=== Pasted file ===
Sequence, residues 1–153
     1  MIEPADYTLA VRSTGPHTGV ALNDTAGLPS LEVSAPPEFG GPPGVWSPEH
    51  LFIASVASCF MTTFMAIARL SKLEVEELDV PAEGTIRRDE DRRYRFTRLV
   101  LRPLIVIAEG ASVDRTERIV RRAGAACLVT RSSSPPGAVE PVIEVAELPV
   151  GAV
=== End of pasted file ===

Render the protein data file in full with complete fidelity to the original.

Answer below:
Sequence, residues 1–153
     1  MIEPADYTLA VRSTGPHTGV ALNDTAGLPS LEVSAPPEFG GPPGVWSPEH
    51  LFIASVASCF MTTFMAIARL SKLEVEELDV PAEGTIRRDE DRRYRFTRLV
   101  LRPLIVIAEG ASVDRTERIV RRAGAACLVT RSSSPPGAVE PVIEVAELPV
   151  GAV